Sir Humphrey Kynaston (1468-1534), Jay Cool’s 12th Great Grandad & 15th Great Uncle, of Myddle Castle and Nescliffe Cave, Shropshire
For, some years earlier, my Great Granduncledad Humphrey had been extremely disloyal and wasteful, abandoning his first wife and two children, leaving them to fend for themselves, having spent all his inherited wealth on good ale and plush stagecoaches. Humphrey, you understand, was not, as might be indicated from his cave abode, of lowly origins. No, far from it. For, prior to this, he had lived like a prince in the nearby manor house, Myddle Castle [Plate 5], with his doting mother, the Lady Elizabeth Grey, a descendant of the royal Plantagenet family, and his father, Sir Roger Kynaston, Constable of Denbigh Castle, High Sheriff of Shropshire, and a Knight of the Realm. With all the advantages of high birth, Humphrey must have done something truly dreadful to have ended up in a cave.  It was, however, only right and correct that Humphrey made the decision to leave his wife, Mariona Williams, for if Gough is to be believed, she was the equivalent of our modern-day chav, more suited to a Nike label than a coat of arms; and, besides anything else, her father still hadn’t paid the dowry he’d promised Humphrey, which at thirty pounds was not to be scoffed at.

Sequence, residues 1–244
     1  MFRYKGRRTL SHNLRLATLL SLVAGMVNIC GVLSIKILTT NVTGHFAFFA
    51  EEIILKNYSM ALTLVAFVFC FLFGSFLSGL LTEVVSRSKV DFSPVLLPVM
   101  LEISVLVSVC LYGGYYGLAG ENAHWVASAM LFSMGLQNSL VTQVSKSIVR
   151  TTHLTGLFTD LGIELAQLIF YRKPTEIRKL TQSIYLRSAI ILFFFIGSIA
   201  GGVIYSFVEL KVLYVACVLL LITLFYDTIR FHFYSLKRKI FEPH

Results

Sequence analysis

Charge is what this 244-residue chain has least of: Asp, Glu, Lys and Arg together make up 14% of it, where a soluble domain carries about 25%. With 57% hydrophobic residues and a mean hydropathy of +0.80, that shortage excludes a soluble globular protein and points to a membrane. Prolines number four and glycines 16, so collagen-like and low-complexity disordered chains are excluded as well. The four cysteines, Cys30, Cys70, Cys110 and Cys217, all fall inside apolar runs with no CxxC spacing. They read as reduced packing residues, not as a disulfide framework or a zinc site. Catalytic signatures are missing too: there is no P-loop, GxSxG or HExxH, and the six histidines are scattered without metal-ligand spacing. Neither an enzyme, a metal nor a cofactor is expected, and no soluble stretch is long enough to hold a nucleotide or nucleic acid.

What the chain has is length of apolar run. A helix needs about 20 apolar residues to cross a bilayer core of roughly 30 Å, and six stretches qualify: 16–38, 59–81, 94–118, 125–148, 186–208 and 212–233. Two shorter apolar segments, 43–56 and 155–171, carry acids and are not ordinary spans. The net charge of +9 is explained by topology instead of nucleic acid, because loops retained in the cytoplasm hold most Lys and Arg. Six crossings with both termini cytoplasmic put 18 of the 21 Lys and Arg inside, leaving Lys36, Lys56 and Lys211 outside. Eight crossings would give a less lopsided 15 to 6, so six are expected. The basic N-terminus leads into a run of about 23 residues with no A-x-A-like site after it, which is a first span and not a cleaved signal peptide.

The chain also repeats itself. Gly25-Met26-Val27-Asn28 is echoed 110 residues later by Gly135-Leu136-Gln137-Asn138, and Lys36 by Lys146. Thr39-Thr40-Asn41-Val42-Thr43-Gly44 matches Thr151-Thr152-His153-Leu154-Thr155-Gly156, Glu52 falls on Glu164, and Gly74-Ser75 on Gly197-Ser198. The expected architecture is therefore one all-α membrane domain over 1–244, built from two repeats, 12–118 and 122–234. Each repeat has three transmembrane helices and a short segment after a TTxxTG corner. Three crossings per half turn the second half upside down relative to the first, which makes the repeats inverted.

Still, it was pretty cold in a cave, without the company of a wife so, as Humphrey drifted off into a drunken sleep, his heart-rate at one with Beezlebub’s, he dreamt of a better future.
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 The Hobbit hadn’t even been invented at that time, so we can’t blame J R Tolkien for brainwashing Humphrey into becoming some kind of a nerdy role-play or re-enactment obsessive!
I’ve no idea whether Humphrey really did fancy his chances with John Hughe’s wife, but if the producers of the TV series ‘The Tudors’ can make up nasty and turgid scenarios for my ancestor, 3rd cousin 17 times removed, cousin,Thomas Culpepper (1514-1541), solely for the purpose of pulling in the punters, then I see no reason why I can’t do the same for Uncle Humphrey!
 Too much, even for those of us who watched ‘Nightmare on Elm Street’ in the early eighties, without turning to our neighbor screaming and begging for release, or a quick retreat over his or her knee to the cinema’s toilet!
The following sources were referred to during Jay Cool’s research:
https://www.revolvy.com/topic/Humphrey%20Kynaston&uid=1575 – Revolvy
‘Antiquities and Memoirs of the Parish of Myddle: County of Salop (A.D. 1700)’ by Richard Gough (Henry Sotheran & Co., London, 1875).
‘Pursing an Outlaw – The Real Wild Humphrey Kynaston’ by David Hamilton, in (The New English Review Press, June, 2011).
Disclaimer: Please refer to Jay Cool’s ‘About the Author’ blog post.